DENVER (KDVR) — A Colorado man has pleaded guilty to two counts of assaulting, resisting, or impeding certain officers after his involvement in the Jan. 6 riot at the U.S. Capitol.
Robert Gieswein, 26, of Woodland Park, was dressed in camouflage the day of the attack and, according to the FBI, told a person with a microphone he was there to “execute these fascists.”
The FBI said Gieswein was in a group of protesters that pushed up the stairs of the West Plaza at the Capitol just before 2 p.m. and entered the building through a window at 2:13 p.m.
Once inside, the FBI said he sprayed an “aerosol irritant” at two Capitol police officers at 2:29 p.m. Gieswein also sprayed other officers throughout his time in the Capitol, including a group that was arresting another rioter at 2:34 p.m.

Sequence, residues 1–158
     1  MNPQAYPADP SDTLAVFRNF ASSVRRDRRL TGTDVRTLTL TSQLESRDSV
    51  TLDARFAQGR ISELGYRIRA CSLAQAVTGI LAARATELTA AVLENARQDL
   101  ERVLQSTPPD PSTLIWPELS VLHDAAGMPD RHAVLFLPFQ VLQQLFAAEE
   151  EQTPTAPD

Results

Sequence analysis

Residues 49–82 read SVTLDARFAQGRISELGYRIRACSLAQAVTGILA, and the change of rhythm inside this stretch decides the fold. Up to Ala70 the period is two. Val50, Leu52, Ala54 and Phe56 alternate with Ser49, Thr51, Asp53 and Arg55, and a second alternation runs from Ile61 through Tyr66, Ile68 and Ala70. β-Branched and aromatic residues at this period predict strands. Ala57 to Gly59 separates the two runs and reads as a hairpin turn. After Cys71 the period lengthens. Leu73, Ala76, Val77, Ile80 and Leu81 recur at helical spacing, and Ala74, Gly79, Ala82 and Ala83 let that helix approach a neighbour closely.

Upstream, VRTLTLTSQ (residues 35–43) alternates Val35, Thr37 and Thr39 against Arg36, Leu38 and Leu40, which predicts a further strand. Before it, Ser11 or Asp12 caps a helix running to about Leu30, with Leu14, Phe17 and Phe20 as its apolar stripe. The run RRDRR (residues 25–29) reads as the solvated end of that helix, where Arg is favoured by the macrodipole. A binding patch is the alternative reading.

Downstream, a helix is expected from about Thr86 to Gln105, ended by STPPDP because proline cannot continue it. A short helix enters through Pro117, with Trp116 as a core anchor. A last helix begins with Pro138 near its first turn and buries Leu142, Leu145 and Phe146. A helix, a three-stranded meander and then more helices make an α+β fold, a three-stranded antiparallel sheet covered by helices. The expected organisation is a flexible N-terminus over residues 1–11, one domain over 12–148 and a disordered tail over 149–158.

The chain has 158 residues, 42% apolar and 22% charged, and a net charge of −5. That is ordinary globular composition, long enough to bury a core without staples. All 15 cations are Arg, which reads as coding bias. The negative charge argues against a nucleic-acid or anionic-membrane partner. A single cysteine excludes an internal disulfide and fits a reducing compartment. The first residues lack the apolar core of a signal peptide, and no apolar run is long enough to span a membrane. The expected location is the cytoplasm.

The FBI said officers tried to arrest Gieswein after that, but he was able to escape and left the building shortly after 3 p.m. after he and a group of others were unable to get into the hallway leading to Speaker Nancy Pelosi’s office.
Federal authorities have said Gieswein appeared to be an adherent of the Three Percenters militia movement and ran a private paramilitary training group called the Woodland Wild Dogs. Throughout the day of Jan. 6, 2021, he was seen with members of the Proud Boys group.
Gieswein is set to be sentenced on June 9. Each charge carries a maximum sentence of eight years in prison and financial penalties. As part of the plea agreement, a sentence ranging between 41 and 51 months was recommended.
The Associated Press contributed to this report.